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Heavy Smokers, Smoking Cessation, and Clonidine Results of a Double-blind, Randomized Trial

Alexander H. Glassman, MD; Fay Stetner, MS, MPA; B. Timothy Walsh, MD; Pamela S. Raizman, MSW; Joseph L. Fleiss, PhD; Thomas B. Cooper, MA; Lirio S. Covey, PhD
JAMA. 1988;259(19):2863-2866. doi:10.1001/jama.1988.03720190031026.
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Seventy-one heavy smokers who had failed in previous attempts to stop smoking participated in a randomized clinical trial to test the efficacy of clonidine as an aid in smoking cessation. The success rate in clonidine-treated subjects (verified by serum cotinine concentration) was more than twice that in the placebo-treated subjects. When the data were stratified by gender, a strong effect present in women was not apparent in men. After six months, cessation rates remained significantly higher among smokers treated with clonidine than those receiving placebo. The data also revealed an unexpectedly high prevalence (61%) of a history of major depression in this sample and a significant negative effect of such a history on cessation regardless of treatment. These findings, highly suggestive of an important role of clonidine in smoking cessation, warrant further studies to establish the long-term (≥12 months) efficacy of this drug and to replicate the association between nicotine dependence and depression.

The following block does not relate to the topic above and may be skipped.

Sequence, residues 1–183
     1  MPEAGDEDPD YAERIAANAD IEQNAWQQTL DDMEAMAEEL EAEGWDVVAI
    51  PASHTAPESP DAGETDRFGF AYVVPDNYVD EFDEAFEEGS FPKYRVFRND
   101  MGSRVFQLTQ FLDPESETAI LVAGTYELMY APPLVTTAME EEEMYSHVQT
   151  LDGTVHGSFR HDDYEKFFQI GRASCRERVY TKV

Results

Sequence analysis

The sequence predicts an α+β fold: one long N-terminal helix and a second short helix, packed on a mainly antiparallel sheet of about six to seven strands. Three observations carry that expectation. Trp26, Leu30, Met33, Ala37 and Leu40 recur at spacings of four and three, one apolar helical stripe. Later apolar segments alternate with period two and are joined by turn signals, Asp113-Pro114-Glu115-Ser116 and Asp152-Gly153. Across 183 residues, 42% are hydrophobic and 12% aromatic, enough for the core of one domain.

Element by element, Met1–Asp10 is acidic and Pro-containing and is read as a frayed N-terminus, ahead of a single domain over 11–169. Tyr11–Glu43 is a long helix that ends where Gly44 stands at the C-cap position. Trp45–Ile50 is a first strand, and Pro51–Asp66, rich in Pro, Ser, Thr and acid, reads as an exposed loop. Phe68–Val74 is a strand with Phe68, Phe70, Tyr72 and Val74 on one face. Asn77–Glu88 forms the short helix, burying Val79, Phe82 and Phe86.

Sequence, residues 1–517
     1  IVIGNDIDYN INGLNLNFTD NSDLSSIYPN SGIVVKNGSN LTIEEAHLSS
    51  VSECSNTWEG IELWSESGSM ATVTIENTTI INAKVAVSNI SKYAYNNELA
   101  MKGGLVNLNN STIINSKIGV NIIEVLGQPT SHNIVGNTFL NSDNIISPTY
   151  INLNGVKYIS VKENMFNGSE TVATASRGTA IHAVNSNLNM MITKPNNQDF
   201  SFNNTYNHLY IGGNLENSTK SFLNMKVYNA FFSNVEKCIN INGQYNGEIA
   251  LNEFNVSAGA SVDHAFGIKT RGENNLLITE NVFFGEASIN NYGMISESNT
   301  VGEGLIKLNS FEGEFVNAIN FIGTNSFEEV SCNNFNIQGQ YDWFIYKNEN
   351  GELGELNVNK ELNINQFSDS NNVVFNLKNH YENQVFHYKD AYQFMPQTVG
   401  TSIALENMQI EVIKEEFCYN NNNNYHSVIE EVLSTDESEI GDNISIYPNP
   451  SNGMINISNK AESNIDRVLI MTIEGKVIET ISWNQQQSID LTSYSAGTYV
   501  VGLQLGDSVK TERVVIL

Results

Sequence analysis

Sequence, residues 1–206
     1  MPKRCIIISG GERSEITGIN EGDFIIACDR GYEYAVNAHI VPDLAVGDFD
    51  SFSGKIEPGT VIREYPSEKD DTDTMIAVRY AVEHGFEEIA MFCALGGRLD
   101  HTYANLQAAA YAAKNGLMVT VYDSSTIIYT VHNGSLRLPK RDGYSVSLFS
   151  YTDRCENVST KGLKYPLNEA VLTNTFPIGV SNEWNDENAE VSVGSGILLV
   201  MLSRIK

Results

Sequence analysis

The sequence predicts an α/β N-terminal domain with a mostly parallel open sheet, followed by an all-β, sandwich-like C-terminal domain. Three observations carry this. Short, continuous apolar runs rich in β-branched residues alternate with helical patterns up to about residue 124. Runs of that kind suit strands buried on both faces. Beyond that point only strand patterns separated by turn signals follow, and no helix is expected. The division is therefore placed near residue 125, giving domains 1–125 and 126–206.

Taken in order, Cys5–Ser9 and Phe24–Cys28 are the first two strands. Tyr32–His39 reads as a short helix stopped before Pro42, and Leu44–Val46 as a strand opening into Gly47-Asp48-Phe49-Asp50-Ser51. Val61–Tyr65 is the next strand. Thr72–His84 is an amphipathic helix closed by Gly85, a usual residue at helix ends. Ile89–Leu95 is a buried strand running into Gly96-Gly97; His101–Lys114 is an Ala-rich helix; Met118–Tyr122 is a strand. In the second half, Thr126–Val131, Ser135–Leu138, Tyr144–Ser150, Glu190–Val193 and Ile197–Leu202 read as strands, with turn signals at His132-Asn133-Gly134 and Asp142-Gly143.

(JAMA 1988;259:2863-2866)


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